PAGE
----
Catriona Matthew: My Solheim Cup winners deserve a BBC award
Lothians golfer wants more recognition as she is named captain once again
Catriona Matthew reckons Europe’s sensational Solheim Cup success at Gleneagles this year deserves some silverware in the upcoming “awards season”.
The thrilling victory over the Americans in Perthshire has already earned Matthew and her players a nomination in The Sunday Times Sportswomen of the Year Awards.
The North Berwick woman is attending that bash and is also hoping for a team nomination in the BBC Sports Personality of the Year Awards in Aberdeen.
“It’s the awards season now and hopefully we can get a few nominations, like at the BBC Sports Personality,” said Matthew, speaking back at Gleneagles as she was re-appointed as captain for the 2021 match at Inverness GC in Toledo, Ohio.
“The Solheim Cup got so much publicity for women’s golf and women’s golf in Europe, hopefully it can produce some more events for next year.
“There are a ton of great players in Europe, so they just need the opportunity to play some more.”
Matthew has agreed to take on the job again after receiving the full support of her players at Gleneagles, where Norwegian Suzann Pettersen clinched a dramatic victory with the final putt.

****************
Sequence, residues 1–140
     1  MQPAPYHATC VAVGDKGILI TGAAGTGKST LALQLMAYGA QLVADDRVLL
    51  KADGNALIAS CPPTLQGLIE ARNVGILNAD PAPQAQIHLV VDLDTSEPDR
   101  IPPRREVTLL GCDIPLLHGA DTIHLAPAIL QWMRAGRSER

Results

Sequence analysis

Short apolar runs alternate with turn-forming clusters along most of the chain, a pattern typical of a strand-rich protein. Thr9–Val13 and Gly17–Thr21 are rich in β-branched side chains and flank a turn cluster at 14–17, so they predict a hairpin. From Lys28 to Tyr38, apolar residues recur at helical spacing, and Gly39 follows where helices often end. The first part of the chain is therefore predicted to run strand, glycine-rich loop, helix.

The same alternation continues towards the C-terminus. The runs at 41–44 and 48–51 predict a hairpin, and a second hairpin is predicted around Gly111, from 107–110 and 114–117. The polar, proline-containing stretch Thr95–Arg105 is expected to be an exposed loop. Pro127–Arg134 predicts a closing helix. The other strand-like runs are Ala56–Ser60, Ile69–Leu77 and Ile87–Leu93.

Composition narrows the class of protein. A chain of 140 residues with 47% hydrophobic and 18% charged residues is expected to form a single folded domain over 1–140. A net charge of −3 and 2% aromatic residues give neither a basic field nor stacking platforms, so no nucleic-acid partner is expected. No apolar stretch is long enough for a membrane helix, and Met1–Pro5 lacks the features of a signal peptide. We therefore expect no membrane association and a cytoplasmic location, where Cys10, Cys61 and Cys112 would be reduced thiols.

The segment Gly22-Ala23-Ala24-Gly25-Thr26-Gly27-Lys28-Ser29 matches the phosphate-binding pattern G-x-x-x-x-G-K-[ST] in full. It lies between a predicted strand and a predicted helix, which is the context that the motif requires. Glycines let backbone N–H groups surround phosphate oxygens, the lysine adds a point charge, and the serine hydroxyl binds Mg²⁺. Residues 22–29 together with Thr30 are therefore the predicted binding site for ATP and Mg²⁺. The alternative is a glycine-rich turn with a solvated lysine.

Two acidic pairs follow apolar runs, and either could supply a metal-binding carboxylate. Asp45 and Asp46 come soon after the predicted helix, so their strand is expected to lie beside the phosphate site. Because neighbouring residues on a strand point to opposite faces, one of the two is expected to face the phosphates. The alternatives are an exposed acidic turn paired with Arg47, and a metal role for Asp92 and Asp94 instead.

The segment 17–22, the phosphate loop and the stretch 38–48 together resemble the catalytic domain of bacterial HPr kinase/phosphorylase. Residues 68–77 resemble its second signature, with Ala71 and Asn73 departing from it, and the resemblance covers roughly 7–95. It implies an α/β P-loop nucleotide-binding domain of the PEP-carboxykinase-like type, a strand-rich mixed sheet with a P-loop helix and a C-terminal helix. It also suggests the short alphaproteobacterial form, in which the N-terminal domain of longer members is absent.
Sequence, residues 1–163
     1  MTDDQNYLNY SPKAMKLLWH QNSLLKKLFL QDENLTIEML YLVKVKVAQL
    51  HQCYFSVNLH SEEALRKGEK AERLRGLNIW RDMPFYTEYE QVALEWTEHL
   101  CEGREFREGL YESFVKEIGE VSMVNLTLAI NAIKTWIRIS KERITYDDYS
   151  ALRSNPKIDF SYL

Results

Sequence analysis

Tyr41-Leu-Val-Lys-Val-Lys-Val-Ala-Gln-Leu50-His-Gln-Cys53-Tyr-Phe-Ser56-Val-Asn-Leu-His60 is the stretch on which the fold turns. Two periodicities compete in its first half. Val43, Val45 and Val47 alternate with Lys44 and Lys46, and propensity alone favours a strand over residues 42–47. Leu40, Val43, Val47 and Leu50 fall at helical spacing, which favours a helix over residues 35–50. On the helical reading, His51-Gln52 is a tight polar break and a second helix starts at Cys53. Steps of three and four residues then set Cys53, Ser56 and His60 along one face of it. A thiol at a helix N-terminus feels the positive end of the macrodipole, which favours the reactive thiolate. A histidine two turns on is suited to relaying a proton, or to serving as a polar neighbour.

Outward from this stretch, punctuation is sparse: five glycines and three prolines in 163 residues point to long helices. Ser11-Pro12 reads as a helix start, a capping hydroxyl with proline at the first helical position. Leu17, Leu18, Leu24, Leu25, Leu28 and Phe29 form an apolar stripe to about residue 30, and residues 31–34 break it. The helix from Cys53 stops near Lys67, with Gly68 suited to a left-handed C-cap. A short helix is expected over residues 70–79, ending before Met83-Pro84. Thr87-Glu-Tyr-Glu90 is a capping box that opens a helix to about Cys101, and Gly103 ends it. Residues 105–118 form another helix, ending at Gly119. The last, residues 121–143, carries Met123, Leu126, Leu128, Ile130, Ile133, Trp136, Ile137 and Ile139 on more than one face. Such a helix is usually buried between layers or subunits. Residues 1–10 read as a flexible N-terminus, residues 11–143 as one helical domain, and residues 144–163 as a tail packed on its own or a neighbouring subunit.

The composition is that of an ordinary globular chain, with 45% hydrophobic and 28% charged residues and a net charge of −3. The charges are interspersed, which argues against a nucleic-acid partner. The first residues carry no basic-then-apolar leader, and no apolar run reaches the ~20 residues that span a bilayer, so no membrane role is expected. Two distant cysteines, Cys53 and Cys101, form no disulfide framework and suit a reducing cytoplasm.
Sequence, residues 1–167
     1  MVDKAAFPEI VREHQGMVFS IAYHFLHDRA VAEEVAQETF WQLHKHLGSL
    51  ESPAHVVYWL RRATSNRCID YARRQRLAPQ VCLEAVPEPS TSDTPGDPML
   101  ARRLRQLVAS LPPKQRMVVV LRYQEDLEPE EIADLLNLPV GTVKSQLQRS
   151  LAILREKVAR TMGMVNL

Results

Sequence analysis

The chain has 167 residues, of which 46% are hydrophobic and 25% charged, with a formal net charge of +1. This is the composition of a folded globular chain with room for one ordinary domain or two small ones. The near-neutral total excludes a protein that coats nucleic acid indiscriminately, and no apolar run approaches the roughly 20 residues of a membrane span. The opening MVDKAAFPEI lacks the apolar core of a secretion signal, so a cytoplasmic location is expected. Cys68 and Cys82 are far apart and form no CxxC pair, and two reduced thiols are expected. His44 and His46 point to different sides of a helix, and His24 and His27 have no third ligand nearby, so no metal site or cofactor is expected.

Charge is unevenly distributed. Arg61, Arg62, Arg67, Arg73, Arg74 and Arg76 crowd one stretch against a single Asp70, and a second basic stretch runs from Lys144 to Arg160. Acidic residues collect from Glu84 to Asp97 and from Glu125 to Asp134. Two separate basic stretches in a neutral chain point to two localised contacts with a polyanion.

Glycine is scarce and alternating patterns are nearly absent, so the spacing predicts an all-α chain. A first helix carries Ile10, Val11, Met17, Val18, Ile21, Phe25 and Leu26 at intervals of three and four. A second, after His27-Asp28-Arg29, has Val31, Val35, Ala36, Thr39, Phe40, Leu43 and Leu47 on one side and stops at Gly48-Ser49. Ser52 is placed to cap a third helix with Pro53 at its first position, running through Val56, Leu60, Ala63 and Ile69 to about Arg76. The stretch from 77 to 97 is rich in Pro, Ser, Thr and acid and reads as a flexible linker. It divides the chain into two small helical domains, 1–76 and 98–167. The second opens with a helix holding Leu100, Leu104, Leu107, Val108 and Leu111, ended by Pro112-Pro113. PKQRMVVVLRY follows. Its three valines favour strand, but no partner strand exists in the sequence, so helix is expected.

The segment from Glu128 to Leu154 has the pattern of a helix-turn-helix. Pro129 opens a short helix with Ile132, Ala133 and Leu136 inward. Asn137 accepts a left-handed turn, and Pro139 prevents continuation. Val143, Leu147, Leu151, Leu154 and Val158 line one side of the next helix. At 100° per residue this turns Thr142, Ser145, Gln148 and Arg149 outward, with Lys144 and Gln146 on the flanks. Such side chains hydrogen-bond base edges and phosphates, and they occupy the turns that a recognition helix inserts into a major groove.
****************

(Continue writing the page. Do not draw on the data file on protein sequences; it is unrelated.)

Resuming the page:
“I’m sad enough to say I think I’ve actually watched every shot,” admitted Matthew, laughing. “We recorded it. So over a few weeks I’ve watched most of it.
“When you are here as captain, you really see very little, the odd shot here and there. You don’t see a whole lot. It was good fun watching.
“I wouldn’t say I get nervous watching it back, it’s great fun watching. I laugh at the way Suzann leaps before it is in the hole. I’m glad it didn’t lip out.”
The 50-year-old has been handed the chance to become Europe’s first multiple winning captain in the event, with the US yet to name Juli Inkster’s successfor for the 2021 tussle.
“We’ve never won back-to-back, a home one and an away one, so that would be great to do,” she said.
“It seems crazy, I know, but it just shows the influence the crowd have in an away match. These events are so close, one putt here or there, and it’s little momentum that makes the difference.
“The difference having the crowd cheering for you can have a big difference even though you don’t know it psychologically.”
Asked if her first stint as captain had made her a stronger person, she added: “I don’t think so. I think I will just do the same thing again. You can’t try to change into a different person for that week. You just have to be yourself.”